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# Consumer Behavior and Utility Maximization

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Consumer Behavior and Utility Maximization
Chapter 19 AP Economics

Law of Diminishing Marginal Utility
Added satisfaction declines as a consumer acquires additional units of a given product Consumer wants in general are insatiable, but wants for particular items can be satisfied Durable goods such as an automobile

Utility A product has utility if it can satisfy a want: Utility has a wanting satisfying power Satisfaction or pleasure one gets from consuming it Utility and usefulness are not synonymous Utility is subjective—a specific product may vary widely from person to person Utility is difficult to quantify

Total Utility and Marginal Utility
Total amount of satisfaction or pleasure a person derives from consuming some specific quantity Marginal utility The extra satisfaction a consumer realizes from an additional unit of that product Change in total utility that results from the consumption of 1 more unit of a product

Law of Diminishing Marginal Utility
Total Utility 10 20 30 8 6 4 2 -2 1 3 5 7 Total Utility (Utils) Marginal Utility (Utils) (1) Tacos Consumed Per Meal (2) Total Utility, Utils (3) Marginal Utility, Utils TU 1 2 3 4 5 6 7 10 18 24 28 30 ] 10 8 6 4 2 -2 Units Consumed Per Meal Marginal Utility MU Units Consumed Per Meal

Theory of Consumer Behavior
Explains how consumers allocate their money incomes among the many goods and services available for purchase

Theory of Consumer Behavior
Numerical Example: Utility-Maximizing Combination of Products A and B Obtainable with an Income of \$10 (2) Product A: Price = \$1 (3) Product B: Price = \$2 (b) Marginal Utility Per Dollar (MU/Price) (a) Marginal Utility, Utils (1) Unit of Product First Second Third Fourth Fifth Sixth Seventh 10 8 7 6 5 4 3 24 20 18 16 12 10 8 7 6 5 4 3 12 9 2 Compare Marginal Utilities Then Compare Per Dollar - MU/Price Choose the Highest Check Budget - Proceed to Next Item

Theory of Consumer Behavior
Numerical Example: Utility-Maximizing Combination of Products A and B Obtainable with an Income of \$10 (2) Product A: Price = \$1 (3) Product B: Price = \$2 (b) Marginal Utility Per Dollar (MU/Price) (a) Marginal Utility, Utils (1) Unit of Product First Second Third Fourth Fifth Sixth Seventh 10 8 7 6 5 4 3 24 20 18 16 12 10 8 7 6 5 4 3 12 9 2 Again, Compare Per Dollar - MU/Price Choose the Highest Buy One of Each – Budget Has \$5 Left Proceed to Next Item

Theory of Consumer Behavior
Numerical Example: Utility-Maximizing Combination of Products A and B Obtainable with an Income of \$10 (2) Product A: Price = \$1 (3) Product B: Price = \$2 (b) Marginal Utility Per Dollar (MU/Price) (a) Marginal Utility, Utils (1) Unit of Product First Second Third Fourth Fifth Sixth Seventh 10 8 7 6 5 4 3 24 20 18 16 12 10 8 7 6 5 4 3 12 9 2 Again, Compare Per Dollar - MU/Price Buy One More B – Budget Has \$3 Left Proceed to Next Item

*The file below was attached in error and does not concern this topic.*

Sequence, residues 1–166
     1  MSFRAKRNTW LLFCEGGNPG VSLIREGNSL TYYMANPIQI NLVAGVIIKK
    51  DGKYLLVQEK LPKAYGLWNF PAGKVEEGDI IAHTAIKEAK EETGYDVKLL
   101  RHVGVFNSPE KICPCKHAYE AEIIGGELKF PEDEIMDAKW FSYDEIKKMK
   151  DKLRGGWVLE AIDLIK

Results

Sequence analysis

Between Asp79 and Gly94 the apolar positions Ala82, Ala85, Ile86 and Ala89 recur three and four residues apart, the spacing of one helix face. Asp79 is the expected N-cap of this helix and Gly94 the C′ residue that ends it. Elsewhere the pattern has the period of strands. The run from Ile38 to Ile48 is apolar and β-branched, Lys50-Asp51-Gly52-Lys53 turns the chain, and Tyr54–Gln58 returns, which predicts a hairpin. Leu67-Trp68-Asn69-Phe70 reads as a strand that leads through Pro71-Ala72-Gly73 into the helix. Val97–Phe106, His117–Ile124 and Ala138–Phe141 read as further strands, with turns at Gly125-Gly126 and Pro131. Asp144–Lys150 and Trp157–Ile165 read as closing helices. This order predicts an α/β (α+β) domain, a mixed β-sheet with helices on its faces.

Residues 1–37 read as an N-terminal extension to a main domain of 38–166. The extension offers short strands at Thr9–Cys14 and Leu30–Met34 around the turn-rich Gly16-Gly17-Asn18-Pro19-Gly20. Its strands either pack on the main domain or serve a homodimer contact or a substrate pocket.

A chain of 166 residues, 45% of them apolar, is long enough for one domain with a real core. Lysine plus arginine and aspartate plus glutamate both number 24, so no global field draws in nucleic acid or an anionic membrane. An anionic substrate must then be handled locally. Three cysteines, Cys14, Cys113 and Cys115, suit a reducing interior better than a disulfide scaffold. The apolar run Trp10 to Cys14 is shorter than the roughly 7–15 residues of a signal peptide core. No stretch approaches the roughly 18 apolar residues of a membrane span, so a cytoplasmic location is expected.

Theory of Consumer Behavior
Numerical Example: Utility-Maximizing Combination of Products A and B Obtainable with an Income of \$10 (2) Product A: Price = \$1 (3) Product B: Price = \$2 (b) Marginal Utility Per Dollar (MU/Price) (a) Marginal Utility, Utils (1) Unit of Product First Second Third Fourth Fifth Sixth Seventh 10 8 7 6 5 4 3 24 20 18 16 12 10 8 7 6 5 4 3 12 9 2 Again, Compare Per Dollar - MU/Price Buy One of Each – Budget Exhausted

Theory of Consumer Behavior
Numerical Example: Utility-Maximizing Combination of Products A and B Obtainable with an Income of \$10 (2) Product A: Price = \$1 (3) Product B: Price = \$2 (b) Marginal Utility Per Dollar (MU/Price) (a) Marginal Utility, Utils (1) Unit of Product First Second Third Fourth Fifth Sixth Seventh 10 8 7 6 5 4 3 24 20 18 16 12 10 8 7 6 5 4 3 12 9 2 Final Result – At These Prices, Purchase 2 of Item A and 4 of B

Theory of Consumer Behavior
Algebraic Restatement: MU of Product A Price of A MU of Product B Price of B = 8 Utils \$1 16 Utils \$2 = Optimum Achieved - Money Income is Allocated so that the Last Dollar Spent on Each Product Yields the Same Extra or Marginal Utility

Deriving the Demand Curve
Same Numeric Example: Price of Product B 1 2 4 6 Quantity Demanded of B Price Per Unit of B Quantity Demanded \$2 4 1 6 Income Effects Substitution Effects DB

Applications and Extensions
DVDs and DVD Players The Diamond-Water Paradox The Value of Time Medical Care Purchases Cash and Noncash Gifts

Indifference Curve Analysis
Budget Line (Constraint) Income Changes Price Changes 2 4 6 8 10 12 Quantity of A Quantity of B Income = \$12 PA = \$1.50 Units of A (Price = \$1.50) Units of B (Price = \$1) Total Expenditure 8 6 4 2 3 6 9 12 \$12 12 (Unattainable) Income = \$12 PB = \$1 (Attainable) Return to Chapter 19

Indifference Curve Analysis
What is Preferred Downsloping Convex to Origin Marginal Rate of Substitution (MRS) 2 4 6 8 10 12 Quantity of A Quantity of B j Combination Units of A Units of B j k l m 12 6 4 3 2 4 6 8 k l m I Return to Chapter 19

Indifference Curve Analysis
The Indifference Map Equilibrium Position at Tangency 2 4 6 8 10 12 Quantity of A Quantity of B MRS = PB PA Preferred – But Requires More Income W X I4 I3 I2 I1 Return to Chapter 19

Derivation of the Demand Curve
Measurement of Utility X 2 4 6 8 10 12 Quantity of A Quantity of B I2 I3 Marginal Utility of A of B Price of A Price of B = At \$1 Price for B, 6 Units are Purchased Record the Results As Price of B Increases to \$1.50, Only 3 Units of B are Bought Connect the Points to Create the Demand Curve Price of B \$1.50 1.00 .50 1 2 3 4 5 6 7 8 9 10 11 12 Quantity of B DB Return to Chapter 19

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